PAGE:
The Supermicro X10DAi is a new workstation motherboard that provides a solid base for a dual processor Intel Haswell-EP workstation. Using our model name decoder ring we see the “X10” series (socket LGA2011-3 generation), “D” dual socket, with “A”udio. There are several other motherboards in the X10DA series but the motherboard we are reviewing today is the cost optimized version. At $365-$400 it is certainly in-line with other dual socket motherboards with similar capabilities.
We used a fairly typical DP workstation setup for this type of platform and what we have used previously in our Intel Xeon E5-2600 V3 coverage.
- CPU: 2x Intel Xeon E5-2690 V3
- Motherboard: Supermicro X10DAi
- Memory: 8x SK. Hynix 16GB DDR4 2133MHz ECC RDIMMs
- SSD: 2x Samsung 840 Pro 256GB 4x Crucial M500 240GB, 3x SanDisk CloudSpeed 1000E 800GB SATA, 3x Intel S3700 100GB
- Video Cards: NVIDIA K4000, Zotac GT610
- Operating Systems: Ubuntu 14.04 LTS, Windows Server 2012 R2, VMware ESXi 5.5, CentOS 6.5
The test platform was rather expansive due to the enhanced SSD capacity of the motherboard.
Supermicro X10DAi Overview
The Supermicro X10DAi is an EATX motherboard measuring 13″ x 12″. That is fairly standard these days for motherboards of this caliber. With the initial Intel Xeon E5 introduction, EATX became an extremely popular as a form factor, especially with dual socket designs. The EATX form factor can be fit into everything from 4U style cases to smaller mid towers such as the Supermicro SC732i. When dealing with smaller chassis, one does need to ensure they fit an EATX motherboard and large enough coolers.
Looking at the CPU and memory layout, one can see that the DIMM slots and sockets are aligned for front-to-back cooling. Supermicro’s workstation chassis and most rackmount chassis are built with this layout as it is very efficient. One should take care to note though that some consumer cases have exhaust vents atop the chassis and therefore some other workstation motherboards have their DIMM slots aligned top-to-bottom. This is not a huge deal either way, but it is something to keep in mind when selecting a chassis.
The CPU and ATX power connectors are along the top side of the motherboard which works very well with cases that follow traditional server/ workstation layouts. Some consumer workstation cases mount the PSU on the bottom instead. For these, one just needs to ensure that PSU cables are long enough to route through the chassis. Using a Supermicro chassis one is unlikely to run into an issue with cable lengths.
In terms of PCIe expansion, one can see a solid set of slots. There are three PCIe 3.0 x16 slots for GPUs or MICs. These slots are spaced for double-width coolers which are prevalent on higher powered cards. There are two PCIe 3.0 x8 slots which are excellent for HBAs and other cards. Finally there is a PCIe x8 slot that runs at PCIe 2.0 x4 electrical. Seven very usable slots onboard give lots of room for expansion.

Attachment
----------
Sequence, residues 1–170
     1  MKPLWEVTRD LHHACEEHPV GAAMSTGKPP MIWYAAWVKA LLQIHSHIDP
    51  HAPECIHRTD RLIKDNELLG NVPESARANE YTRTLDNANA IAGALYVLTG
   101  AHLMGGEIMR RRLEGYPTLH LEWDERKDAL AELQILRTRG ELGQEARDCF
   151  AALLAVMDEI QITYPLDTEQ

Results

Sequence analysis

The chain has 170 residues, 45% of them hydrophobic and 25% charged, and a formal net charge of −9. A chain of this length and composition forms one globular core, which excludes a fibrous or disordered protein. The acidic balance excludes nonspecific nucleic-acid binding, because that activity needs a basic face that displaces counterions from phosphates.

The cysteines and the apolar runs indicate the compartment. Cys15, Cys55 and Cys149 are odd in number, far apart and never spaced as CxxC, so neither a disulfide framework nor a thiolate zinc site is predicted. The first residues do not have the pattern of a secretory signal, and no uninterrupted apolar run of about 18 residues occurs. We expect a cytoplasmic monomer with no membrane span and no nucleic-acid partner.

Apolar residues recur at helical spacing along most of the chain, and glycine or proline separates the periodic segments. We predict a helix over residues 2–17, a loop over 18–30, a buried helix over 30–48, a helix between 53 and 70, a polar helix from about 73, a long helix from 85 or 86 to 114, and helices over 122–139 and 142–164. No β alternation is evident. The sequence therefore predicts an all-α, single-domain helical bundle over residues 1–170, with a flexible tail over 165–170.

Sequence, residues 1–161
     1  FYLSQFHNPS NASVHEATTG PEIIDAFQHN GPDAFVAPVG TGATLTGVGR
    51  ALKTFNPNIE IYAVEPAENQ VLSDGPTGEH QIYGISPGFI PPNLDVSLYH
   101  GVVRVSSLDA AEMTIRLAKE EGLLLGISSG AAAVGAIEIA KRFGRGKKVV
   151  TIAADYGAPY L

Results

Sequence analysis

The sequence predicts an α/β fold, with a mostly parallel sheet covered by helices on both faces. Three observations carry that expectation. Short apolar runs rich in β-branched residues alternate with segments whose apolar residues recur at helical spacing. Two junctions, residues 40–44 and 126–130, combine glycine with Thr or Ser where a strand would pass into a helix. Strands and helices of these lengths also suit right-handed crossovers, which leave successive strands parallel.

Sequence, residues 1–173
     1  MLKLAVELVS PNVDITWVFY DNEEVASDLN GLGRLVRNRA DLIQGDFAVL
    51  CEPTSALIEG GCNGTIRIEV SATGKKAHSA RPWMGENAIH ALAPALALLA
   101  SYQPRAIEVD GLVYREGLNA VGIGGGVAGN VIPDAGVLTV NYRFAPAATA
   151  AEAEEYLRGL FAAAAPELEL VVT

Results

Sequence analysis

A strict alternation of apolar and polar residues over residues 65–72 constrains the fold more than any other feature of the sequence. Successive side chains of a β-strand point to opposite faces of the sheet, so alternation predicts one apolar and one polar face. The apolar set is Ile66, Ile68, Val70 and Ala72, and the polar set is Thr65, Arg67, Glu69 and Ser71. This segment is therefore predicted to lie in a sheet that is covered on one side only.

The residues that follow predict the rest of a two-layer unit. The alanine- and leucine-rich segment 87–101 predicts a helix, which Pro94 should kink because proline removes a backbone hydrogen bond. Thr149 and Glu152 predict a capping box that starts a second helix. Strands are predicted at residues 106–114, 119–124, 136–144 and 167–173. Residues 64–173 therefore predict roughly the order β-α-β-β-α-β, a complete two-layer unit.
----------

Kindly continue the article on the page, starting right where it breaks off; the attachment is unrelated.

With the onboard Intel C612 PCH, the Supermicro X10DAi has ten SATA III ports. Using drives like the Intel S3500 800GB or the SanDisk Cloudspeed 1000E 800GB we recently tested there is room for 8TB or more of SSD space, or even more storage using traditional rotating disks. Previous generations of workstation motherboards would have required an extra HBA or RAID controller to get 10x 6.0gbps ports. The integration of 10x SATA 3 slots onboard provides plenty of storage flexibility for those using the Supermicro X10DAi.
Supermicro provides both an internal USB 2.0 Type-A header as well as a front panel USB 3.0 header. There are still many workstation applications that utilize a USB hardware key so having those keys deployed inside the chassis is a preferable method. Most higher-end server and workstation motherboards have these features so it is good to see that they are included with the Supermicro X10DAi.
Moving to the rear I/O panel one can see 7.1 audio outputs with an optical S/PDIF ouput. Audio is provided by the Realtek ALC888. In terms of onboard audio this is sufficient for most purposes. An audio engineer is going to use an add-in card solution and for most other applications, the ALC888 is going to be overkill. Along with the audio ports we can see four USB 3.0 ports and two USB 2.0 ports. This should be plenty for most applications.
The dual gigabit Ethernet ports are powered by Intel i210 network controllers. The Intel i210 is the newer replacement for the Intel 82754L network controller and is what we see these days.
Supermicro’s choice of using the Intel i210 adds cost, but it is a significantly higher quality NIC than the Realtek alternatives.
To capture these images we utilize our FLIR Ex series professional thermal imaging camera and turn on FLIR’s MSX enhancements so we can see components outlined clearly. We put the system under 100% CPU load for a period of 24 hours to let “heat soak” set in prior to taking the images.
The Intel C612 platform runs very cool. One can see the impact of the in-line CPU configuration with more heat centered around the second heatsink. This is to be expected given this configuration and temperatures were still extremely cool. We did use our lower power GT610 video card just to ensure a proper comparison with other workstation motherboards we have tested.
Overall one can tell that the Supermicro X10DAi is a solid server platform. For the vast majority of workstation users, Intel’s change with the C612 chipset’s 10x SATA III ports means that an add-on HBA is no longer required for most applications. The combination of dual sockets with 8 DDR4 DIMMs per socket, dual Intel gigabit LAN, a solid number of PCIe slots, audio onboard and USB 3.0 makes the X10DAi a great motherboard for those looking to build a solid high-end workstation.